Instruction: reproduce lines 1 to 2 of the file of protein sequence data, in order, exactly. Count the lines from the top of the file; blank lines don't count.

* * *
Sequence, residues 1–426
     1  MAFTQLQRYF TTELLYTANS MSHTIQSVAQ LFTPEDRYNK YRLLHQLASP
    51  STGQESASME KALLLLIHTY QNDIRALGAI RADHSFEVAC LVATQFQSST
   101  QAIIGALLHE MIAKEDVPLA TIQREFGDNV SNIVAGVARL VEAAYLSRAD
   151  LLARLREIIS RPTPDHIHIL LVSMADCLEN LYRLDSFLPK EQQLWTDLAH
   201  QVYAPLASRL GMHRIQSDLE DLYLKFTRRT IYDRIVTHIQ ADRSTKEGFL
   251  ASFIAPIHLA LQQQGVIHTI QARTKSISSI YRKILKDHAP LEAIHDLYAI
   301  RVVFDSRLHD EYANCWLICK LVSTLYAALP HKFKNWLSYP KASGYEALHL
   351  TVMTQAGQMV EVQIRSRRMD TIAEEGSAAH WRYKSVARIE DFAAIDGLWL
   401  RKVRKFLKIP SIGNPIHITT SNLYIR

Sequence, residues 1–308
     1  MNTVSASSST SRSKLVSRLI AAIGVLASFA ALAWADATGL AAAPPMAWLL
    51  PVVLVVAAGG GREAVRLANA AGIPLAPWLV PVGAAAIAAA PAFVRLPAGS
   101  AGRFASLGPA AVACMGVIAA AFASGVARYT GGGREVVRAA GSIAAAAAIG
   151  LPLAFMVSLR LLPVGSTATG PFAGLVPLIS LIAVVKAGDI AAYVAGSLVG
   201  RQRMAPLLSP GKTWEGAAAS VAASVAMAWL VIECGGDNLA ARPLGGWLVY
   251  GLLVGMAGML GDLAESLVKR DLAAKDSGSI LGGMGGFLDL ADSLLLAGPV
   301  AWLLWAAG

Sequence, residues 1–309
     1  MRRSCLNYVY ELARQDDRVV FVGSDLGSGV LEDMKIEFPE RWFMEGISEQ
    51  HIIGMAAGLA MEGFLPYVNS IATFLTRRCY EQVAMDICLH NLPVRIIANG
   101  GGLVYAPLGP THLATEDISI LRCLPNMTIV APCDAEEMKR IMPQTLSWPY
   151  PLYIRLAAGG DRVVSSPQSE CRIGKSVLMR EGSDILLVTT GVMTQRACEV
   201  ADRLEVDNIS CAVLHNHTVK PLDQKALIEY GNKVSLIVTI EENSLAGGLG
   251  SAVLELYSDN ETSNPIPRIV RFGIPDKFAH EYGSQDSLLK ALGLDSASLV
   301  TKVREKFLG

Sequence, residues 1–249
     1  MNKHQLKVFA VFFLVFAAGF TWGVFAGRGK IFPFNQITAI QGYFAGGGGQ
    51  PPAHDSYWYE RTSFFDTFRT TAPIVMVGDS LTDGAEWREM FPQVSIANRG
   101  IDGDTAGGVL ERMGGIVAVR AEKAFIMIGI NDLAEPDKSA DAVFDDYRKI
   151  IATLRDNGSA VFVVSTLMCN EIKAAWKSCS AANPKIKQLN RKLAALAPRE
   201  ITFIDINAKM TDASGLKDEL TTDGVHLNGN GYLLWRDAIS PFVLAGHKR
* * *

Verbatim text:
Sequence, residues 1–426
     1  MAFTQLQRYF TTELLYTANS MSHTIQSVAQ LFTPEDRYNK YRLLHQLASP